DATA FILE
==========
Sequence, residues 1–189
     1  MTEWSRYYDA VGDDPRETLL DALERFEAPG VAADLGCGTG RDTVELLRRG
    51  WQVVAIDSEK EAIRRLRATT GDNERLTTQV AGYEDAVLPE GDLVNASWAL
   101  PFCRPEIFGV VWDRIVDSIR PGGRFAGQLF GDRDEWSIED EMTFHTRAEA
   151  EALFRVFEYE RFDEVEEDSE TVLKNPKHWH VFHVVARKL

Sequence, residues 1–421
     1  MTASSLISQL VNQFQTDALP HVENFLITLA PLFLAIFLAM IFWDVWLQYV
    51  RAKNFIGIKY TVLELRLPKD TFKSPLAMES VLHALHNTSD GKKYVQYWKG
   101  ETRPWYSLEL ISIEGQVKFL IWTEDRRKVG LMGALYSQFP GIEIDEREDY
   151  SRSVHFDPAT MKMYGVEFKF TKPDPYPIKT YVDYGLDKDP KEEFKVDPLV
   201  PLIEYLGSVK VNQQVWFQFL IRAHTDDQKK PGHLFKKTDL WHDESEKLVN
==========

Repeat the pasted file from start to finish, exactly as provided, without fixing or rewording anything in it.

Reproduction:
Sequence, residues 1–189
     1  MTEWSRYYDA VGDDPRETLL DALERFEAPG VAADLGCGTG RDTVELLRRG
    51  WQVVAIDSEK EAIRRLRATT GDNERLTTQV AGYEDAVLPE GDLVNASWAL
   101  PFCRPEIFGV VWDRIVDSIR PGGRFAGQLF GDRDEWSIED EMTFHTRAEA
   151  EALFRVFEYE RFDEVEEDSE TVLKNPKHWH VFHVVARKL

Sequence, residues 1–421
     1  MTASSLISQL VNQFQTDALP HVENFLITLA PLFLAIFLAM IFWDVWLQYV
    51  RAKNFIGIKY TVLELRLPKD TFKSPLAMES VLHALHNTSD GKKYVQYWKG
   101  ETRPWYSLEL ISIEGQVKFL IWTEDRRKVG LMGALYSQFP GIEIDEREDY
   151  SRSVHFDPAT MKMYGVEFKF TKPDPYPIKT YVDYGLDKDP KEEFKVDPLV
   201  PLIEYLGSVK VNQQVWFQFL IRAHTDDQKK PGHLFKKTDL WHDESEKLVN